We avoid peace, even those of us who believe in peace, because avoiding peace is an unconscious habit of perception which itself keeps us unconscious.
For peace to become a real possibility, it has to become an ongoing choice, at that same level where the avoiding habit resides.
That’s pretty far down in our nature, to the thinking, judging, strategizing part of ourselves. But to the feeling, reflective part of ourselves it’s quite immediately where we are, anytime. The split is quite telling really, because where we install our justifications for unkindness, manipulation and inequity is in our heads. Where we have the choice to see beyond that is far deeper.
If there is anything you have to call upon that can aid in neutralizing animosity, self-righteousness, sense of threat and hurt, and the worn grooves of compulsive mind, that is an enormous blessing. Call upon it, often and as often as needed. I believe the practice or connection with that is a key personal life skill.
In addition, recognize the kind of states that deny peace, when they arise, because they are a sign that the peace practice could be well employed right here and now.
emotional negativity – hands down, no questions, there’s a profound error of perception going on where there is emotional negativity. We perversely identify with negative emotional states, but they actually hurt everyone, including ourselves. They’re not needed.
self-righteousness and self-justification – there’s a block, and protection of the real issue going on, and a hunkering down to further suffering. It cuts us off from our own source and wholeness.
compelling sense of threat or hurt – some threat and hurt is real and needs to be addressed (well, all hurt is real in its own terms), but the compulsion about something that is not there and then is not a balancing or helpful quality. It doesn’t heal or protect, and it doesn’t engender those things.
mental strategies that require the suffering of others to be overlooked, denied or belittled, for the preservation of this or that interest. Amazing how many of my generation fell for this and thought we were being “progressive”. All that gung ho “my/our suffering is more significant than your suffering”. Yep, it’s garbage.
These things all take up an immense amount of mental-emotional space (indeed, they can get to resemble the skills of a high wire act), space that could instead be filled with creativity, compassion, real responses, and an original, authentic way of life.
You can probably think of more and better examples, where we lose our way, and can learn to recognize in the moment that we can just drop that thing, and return to a clearer, more helpful and perceptive state, more akin to our deeper nature, right there.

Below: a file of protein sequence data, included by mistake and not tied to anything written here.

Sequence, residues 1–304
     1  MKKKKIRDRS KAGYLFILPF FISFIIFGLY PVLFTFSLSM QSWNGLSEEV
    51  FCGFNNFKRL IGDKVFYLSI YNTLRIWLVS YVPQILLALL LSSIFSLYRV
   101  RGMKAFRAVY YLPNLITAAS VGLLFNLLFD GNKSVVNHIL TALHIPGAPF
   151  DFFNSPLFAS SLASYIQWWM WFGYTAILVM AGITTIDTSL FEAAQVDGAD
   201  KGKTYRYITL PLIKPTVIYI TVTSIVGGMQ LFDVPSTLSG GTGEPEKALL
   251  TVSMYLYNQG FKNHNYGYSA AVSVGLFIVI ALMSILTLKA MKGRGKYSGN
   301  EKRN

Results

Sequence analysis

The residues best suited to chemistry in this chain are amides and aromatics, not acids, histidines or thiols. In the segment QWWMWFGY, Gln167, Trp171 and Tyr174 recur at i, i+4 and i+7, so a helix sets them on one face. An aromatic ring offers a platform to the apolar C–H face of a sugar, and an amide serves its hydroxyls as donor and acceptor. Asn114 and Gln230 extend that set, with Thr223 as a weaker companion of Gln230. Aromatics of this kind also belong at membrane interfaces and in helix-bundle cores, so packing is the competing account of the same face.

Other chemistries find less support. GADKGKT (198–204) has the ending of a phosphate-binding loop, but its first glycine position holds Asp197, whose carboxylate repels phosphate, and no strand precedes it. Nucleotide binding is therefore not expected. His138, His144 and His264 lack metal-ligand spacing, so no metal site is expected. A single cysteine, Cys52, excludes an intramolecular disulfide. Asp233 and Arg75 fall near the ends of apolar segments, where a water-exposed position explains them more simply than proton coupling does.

For me the peace practice involves the element of water, and that seems to be my way, because I see our inherent feeling nature as good, essentially peaceful, awake, alive, flowing and healing. For other people it may be a different practice.
We have so much conditioning and habit that tells us we must separate (or band together against), fight, deny others, and close down perception in favour of perceived gain or self-preservation. We all have hurts, and none of us want to be hurt again. Where we have low self esteem, we especially need to feel vindicated, even at the expense of truth. But there is no peace, no real justice, freedom or even security in that. We lose ourselves, and as Paulo Coelho says: “don’t allow your wounds to turn you into a person you are not”.
I never realized this properly when I was young, but we are in many ways born lost. I don’t mean we are condemned, I mean we are vulnerable to ignorance, though innocence protects us at first. But if we don’t develop the right mental habits, with the understanding and insight to underpin them, we will become manifestly lost in the storms of life experience.
We have the means to live with integrity. Peace does not mean to not question, being indiscriminate, never pushing for anything, or being a push over ourselves. But it does mean discarding the knives we keep in our heads, dropping the loaded judgments, shedding righteousness, and recognizing that hate comes in small, incrementally poisonous doses that no one is immune to, and each dose with a justifying micro-idea-system coating it.
Sometimes the coating is biographical, sometimes religious or a family story, sometimes ideological or something else, but it’s basically an untrue story that isn’t our real story.
Recognizing the coating is I think probably important, because then we can stop taking the pills, and start really living, right now.
Start small – that’s where we are.